In Our Time is Ernest Hemingway's first collection of short stories, published in 1925 by Boni & Liveright, New York. Its title is derived from the English Book of Common Prayer, "Give peace in our time, O Lord". The collection's publication history was complex. It began with six prose vignettes commissioned by Ezra Pound for a 1923 edition of The Little Review; Hemingway added twelve more and in 1924 compiled the in our time edition (with a lower-case title), which was printed in Paris. To these were added fourteen short stories for the 1925 edition, including "Indian Camp" and "Big Two-Hearted River", two of his best-known Nick Adams stories. He composed "On the Quai at Smyrna" for the 1930 edition.
The stories' themes – of alienation, loss, grief, separation – continue the work Hemingway began with the vignettes, which include descriptions of acts of war, bullfighting and current events. The collection is known for its spare language and oblique depiction of emotion, through a style known as Hemingway's "theory of omission" (iceberg theory). According to his biographer Michael Reynolds, among Hemingway's canon, "none is more confusing ... for its several parts – biographical, literary, editorial, and bibliographical – contain so many contradictions that any analysis will be flawed."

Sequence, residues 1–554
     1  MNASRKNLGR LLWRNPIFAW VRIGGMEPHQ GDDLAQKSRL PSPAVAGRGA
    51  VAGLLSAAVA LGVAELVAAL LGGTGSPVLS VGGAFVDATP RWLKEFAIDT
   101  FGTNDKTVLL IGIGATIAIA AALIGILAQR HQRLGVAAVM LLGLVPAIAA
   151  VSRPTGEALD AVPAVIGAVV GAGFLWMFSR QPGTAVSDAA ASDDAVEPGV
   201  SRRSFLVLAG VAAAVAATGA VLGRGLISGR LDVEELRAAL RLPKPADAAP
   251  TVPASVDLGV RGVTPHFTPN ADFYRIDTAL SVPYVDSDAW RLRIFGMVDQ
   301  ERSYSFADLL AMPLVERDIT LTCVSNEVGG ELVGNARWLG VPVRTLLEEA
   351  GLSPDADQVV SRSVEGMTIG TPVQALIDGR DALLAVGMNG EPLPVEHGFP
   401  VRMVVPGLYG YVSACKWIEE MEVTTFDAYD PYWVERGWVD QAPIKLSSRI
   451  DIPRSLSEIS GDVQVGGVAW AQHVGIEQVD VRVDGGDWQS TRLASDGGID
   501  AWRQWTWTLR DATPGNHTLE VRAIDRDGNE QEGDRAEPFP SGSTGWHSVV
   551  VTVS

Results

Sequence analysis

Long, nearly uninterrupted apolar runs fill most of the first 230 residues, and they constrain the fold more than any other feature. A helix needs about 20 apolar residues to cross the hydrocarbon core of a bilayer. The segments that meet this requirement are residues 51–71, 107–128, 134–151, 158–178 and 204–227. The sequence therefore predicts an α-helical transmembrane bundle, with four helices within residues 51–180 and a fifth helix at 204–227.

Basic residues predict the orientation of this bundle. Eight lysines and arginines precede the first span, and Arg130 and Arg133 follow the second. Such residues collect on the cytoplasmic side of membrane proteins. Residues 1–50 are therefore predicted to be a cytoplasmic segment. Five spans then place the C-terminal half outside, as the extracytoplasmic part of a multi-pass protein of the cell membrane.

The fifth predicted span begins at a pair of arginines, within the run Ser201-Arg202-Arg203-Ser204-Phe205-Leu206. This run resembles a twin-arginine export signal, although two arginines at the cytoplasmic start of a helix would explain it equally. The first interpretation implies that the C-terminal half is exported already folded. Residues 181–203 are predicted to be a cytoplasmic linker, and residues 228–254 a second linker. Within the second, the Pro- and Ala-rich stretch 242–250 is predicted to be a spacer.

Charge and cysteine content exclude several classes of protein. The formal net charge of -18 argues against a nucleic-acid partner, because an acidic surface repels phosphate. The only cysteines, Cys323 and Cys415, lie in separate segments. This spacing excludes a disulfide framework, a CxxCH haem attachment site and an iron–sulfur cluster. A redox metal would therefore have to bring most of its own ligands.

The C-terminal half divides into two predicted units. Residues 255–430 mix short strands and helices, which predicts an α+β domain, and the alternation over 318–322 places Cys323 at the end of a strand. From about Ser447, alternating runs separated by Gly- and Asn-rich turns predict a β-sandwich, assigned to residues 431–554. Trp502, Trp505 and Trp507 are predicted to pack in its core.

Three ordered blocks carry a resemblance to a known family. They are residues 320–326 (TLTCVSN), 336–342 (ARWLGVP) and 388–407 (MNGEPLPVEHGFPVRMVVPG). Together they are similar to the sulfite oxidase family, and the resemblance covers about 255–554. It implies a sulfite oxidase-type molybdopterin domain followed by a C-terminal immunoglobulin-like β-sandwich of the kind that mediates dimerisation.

Hemingway's writing style attracted attention, with literary critic Edmund Wilson saying it was "of the first distinction"; the 1925 edition of In Our Time is considered one of Hemingway's early masterpieces.